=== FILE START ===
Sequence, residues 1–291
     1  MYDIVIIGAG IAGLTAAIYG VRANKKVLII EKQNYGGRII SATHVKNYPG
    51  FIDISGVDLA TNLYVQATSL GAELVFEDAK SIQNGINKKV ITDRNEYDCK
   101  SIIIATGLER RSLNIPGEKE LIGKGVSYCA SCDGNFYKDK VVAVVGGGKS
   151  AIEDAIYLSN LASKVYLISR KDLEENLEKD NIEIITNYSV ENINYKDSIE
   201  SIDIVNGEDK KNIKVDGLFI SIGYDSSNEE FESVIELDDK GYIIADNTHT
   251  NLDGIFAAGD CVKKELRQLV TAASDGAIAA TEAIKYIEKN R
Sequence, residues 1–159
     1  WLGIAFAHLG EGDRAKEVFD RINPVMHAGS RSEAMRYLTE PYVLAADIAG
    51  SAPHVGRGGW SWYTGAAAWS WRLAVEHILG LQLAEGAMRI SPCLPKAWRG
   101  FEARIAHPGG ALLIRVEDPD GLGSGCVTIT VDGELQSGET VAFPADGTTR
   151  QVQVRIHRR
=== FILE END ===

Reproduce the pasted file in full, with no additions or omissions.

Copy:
Sequence, residues 1–291
     1  MYDIVIIGAG IAGLTAAIYG VRANKKVLII EKQNYGGRII SATHVKNYPG
    51  FIDISGVDLA TNLYVQATSL GAELVFEDAK SIQNGINKKV ITDRNEYDCK
   101  SIIIATGLER RSLNIPGEKE LIGKGVSYCA SCDGNFYKDK VVAVVGGGKS
   151  AIEDAIYLSN LASKVYLISR KDLEENLEKD NIEIITNYSV ENINYKDSIE
   201  SIDIVNGEDK KNIKVDGLFI SIGYDSSNEE FESVIELDDK GYIIADNTHT
   251  NLDGIFAAGD CVKKELRQLV TAASDGAIAA TEAIKYIEKN R
Sequence, residues 1–159
     1  WLGIAFAHLG EGDRAKEVFD RINPVMHAGS RSEAMRYLTE PYVLAADIAG
    51  SAPHVGRGGW SWYTGAAAWS WRLAVEHILG LQLAEGAMRI SPCLPKAWRG
   101  FEARIAHPGG ALLIRVEDPD GLGSGCVTIT VDGELQSGET VAFPADGTTR
   151  QVQVRIHRR